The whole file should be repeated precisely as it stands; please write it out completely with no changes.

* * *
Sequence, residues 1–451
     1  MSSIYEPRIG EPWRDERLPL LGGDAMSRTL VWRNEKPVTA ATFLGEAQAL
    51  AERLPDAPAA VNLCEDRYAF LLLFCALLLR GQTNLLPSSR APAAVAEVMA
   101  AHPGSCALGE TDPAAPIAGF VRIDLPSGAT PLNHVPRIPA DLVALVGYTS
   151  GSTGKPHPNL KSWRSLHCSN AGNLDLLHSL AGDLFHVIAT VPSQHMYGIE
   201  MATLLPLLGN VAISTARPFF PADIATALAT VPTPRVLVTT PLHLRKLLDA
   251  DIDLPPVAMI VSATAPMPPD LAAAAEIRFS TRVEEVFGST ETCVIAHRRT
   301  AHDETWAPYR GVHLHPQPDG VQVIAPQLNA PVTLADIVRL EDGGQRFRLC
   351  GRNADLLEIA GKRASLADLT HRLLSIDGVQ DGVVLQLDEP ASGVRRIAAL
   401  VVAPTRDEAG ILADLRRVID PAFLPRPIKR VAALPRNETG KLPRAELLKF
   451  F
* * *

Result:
Sequence, residues 1–451
     1  MSSIYEPRIG EPWRDERLPL LGGDAMSRTL VWRNEKPVTA ATFLGEAQAL
    51  AERLPDAPAA VNLCEDRYAF LLLFCALLLR GQTNLLPSSR APAAVAEVMA
   101  AHPGSCALGE TDPAAPIAGF VRIDLPSGAT PLNHVPRIPA DLVALVGYTS
   151  GSTGKPHPNL KSWRSLHCSN AGNLDLLHSL AGDLFHVIAT VPSQHMYGIE
   201  MATLLPLLGN VAISTARPFF PADIATALAT VPTPRVLVTT PLHLRKLLDA
   251  DIDLPPVAMI VSATAPMPPD LAAAAEIRFS TRVEEVFGST ETCVIAHRRT
   301  AHDETWAPYR GVHLHPQPDG VQVIAPQLNA PVTLADIVRL EDGGQRFRLC
   351  GRNADLLEIA GKRASLADLT HRLLSIDGVQ DGVVLQLDEP ASGVRRIAAL
   401  VVAPTRDEAG ILADLRRVID PAFLPRPIKR VAALPRNETG KLPRAELLKF
   451  F